A detachment of JG 51 was also operating the Hs129 at this time. Panzer Jäger Staffel/JG 51 was given the task of convincing flying personnel of the effectiveness of attacks on tanks if properly carried out. Between 11 August and 16 September, this unit's eight aircraft carried out 73 sorties, claiming 29 tanks during operations on the Moscow Front before taking advantage of a lull in active operations to carry out intensive training against dummy tanks. The whole Staffel reached a 60% average of hits, and successful firing practice against the heaviest types of Soviet tanks increased the confidence of crews in the cannon. Exercises were also carried out with the army to ensure that air support would arrive as required at the scene of fighting.

On 16 December, a strong force of 250 Russian tanks broke through the Italian lines on the Donbend. Bombers and Stukas, together with II/Sch.G 1's Bf109s, failed to achieve any success, but six of 4/Sch.G 1's aircraft which had retained their cannon succeeded in destroying ten tanks in two days. Although This achievement was a valuable indication of what the cannon-carrying Hs129 could do, it was on too small a scale to affect the situation, and the unit fell back to Voroshilovgrad. By this time the strength of the unit had been greatly reduced by AA and infantry fire and no Bf109s were left. The anti-tank Staffel of JG 51 was therefore brought up from the Moscow front as a temporary means of restoring strength, and the arrival of this unit's trained personnel had a good effect on the pilots of II/Sch.G 1. While operating together between 1 and 16 January 1943, the two units each claimed to have destroyed thirteen tanks. After II/Sch.G 1 had received a few replacement aircraft it was again possible to detach the PzJ.St./JG 51, During the subsequent Russian retreat from Kharkov to Voronezh, II/Sch.G I destroyed a further 23 tanks, and on 27 January it was withdrawn with only six serviceable aircraft to Kursk, where it was re-equipped with more cannon-carrying aircraft.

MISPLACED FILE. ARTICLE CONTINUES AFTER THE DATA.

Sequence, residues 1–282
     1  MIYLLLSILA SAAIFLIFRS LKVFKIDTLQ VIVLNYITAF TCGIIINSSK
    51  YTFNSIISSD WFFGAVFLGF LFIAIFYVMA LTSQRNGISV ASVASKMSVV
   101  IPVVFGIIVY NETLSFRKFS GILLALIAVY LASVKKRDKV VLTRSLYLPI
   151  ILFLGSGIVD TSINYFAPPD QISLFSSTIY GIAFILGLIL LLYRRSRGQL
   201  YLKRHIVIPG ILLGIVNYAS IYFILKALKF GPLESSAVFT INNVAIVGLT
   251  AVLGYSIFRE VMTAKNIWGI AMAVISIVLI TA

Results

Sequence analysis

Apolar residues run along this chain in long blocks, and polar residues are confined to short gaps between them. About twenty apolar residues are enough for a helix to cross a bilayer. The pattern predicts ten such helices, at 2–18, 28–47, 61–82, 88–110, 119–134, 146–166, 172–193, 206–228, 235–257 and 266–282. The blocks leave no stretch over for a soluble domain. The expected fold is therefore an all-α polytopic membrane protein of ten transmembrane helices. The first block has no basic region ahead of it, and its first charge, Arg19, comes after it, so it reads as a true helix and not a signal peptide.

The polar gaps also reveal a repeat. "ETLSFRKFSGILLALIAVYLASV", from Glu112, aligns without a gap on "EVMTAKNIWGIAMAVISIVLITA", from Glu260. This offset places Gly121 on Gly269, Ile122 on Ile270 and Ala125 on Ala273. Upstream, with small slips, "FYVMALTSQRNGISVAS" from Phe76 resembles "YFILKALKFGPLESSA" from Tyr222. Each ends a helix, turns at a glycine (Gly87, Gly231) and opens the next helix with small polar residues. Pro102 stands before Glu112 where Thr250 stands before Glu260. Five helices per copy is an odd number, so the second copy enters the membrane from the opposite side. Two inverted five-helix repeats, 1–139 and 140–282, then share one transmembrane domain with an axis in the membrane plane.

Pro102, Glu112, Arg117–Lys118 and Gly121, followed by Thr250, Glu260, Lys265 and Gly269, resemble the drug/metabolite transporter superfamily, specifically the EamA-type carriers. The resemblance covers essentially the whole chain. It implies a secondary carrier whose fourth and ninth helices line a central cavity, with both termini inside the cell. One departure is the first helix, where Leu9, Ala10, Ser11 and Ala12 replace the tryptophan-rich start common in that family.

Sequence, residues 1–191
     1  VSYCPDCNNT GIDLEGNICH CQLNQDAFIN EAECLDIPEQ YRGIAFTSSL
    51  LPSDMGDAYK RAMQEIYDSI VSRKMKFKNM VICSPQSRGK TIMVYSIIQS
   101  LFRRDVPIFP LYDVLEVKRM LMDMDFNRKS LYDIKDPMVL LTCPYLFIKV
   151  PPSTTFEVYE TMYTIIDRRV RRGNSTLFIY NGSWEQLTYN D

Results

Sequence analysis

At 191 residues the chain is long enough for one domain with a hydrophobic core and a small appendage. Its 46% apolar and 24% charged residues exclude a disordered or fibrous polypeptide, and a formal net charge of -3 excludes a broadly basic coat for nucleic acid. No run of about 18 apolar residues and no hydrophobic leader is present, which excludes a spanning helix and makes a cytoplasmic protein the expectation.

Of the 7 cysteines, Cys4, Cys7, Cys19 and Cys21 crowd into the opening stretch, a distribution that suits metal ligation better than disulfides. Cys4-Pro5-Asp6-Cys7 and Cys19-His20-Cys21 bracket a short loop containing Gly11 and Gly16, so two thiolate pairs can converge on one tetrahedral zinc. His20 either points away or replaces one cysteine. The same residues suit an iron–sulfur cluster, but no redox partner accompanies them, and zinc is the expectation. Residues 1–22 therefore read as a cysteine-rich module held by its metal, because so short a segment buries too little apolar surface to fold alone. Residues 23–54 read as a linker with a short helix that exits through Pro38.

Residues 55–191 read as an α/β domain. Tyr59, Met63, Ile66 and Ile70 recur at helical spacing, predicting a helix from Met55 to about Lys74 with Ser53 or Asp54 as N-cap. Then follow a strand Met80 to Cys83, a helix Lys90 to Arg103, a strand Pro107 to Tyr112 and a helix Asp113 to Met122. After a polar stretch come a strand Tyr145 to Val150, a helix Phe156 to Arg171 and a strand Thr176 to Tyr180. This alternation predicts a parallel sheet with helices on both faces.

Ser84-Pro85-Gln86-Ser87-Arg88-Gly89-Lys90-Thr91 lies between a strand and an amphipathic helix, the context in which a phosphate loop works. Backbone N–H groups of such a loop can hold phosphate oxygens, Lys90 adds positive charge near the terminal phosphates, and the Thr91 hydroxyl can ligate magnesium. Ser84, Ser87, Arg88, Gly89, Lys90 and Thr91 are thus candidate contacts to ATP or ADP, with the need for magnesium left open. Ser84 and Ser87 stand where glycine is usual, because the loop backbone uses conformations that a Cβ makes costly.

Henschel Hs129 badly damaged while on the ground. During operations, 75% of the Henschels shot down were lost to direct hits on the engines by infantry fire. (Author's collection)

Oblt. Johannes Meinicke, Staffelkapitän of I/Sch.G 1, awards the Frontflugspange to Lt. Harang while a staff officer stands by to present a rusty bucket of wildflowers! Meinicke, later awarded the Knight's Cross, was killed near Mutino, Russia, on 4 September 1943. (Author's collection)

The growth in Russian tank production made the development of an anti-tank arm within the framework of the close-support organisation a matter of supreme importance. However, it was not easy to provide an aircraft sufficiently slow for accurate lire, and at the same time heavily armoured and yet with sufficient speed for low-level operations in daylight. Experiences with the Hs129 indicated that this aircraft was not the final answer to these problems, and in November 1942 the Schlachtflieger began to receive fighter-bomber versions of the Focke-Wulf Fw190, an aircraft with an air-cooled engine, considered a special advantage for ground-attack work since it could not be put out of action by hits in the cooling system. The machine possessed a high degree of manoeuvrability, its guns and cannon gave it a very heavy firepower, and its wide-track undercarriage permitted operations from relatively primitive forward airstrips.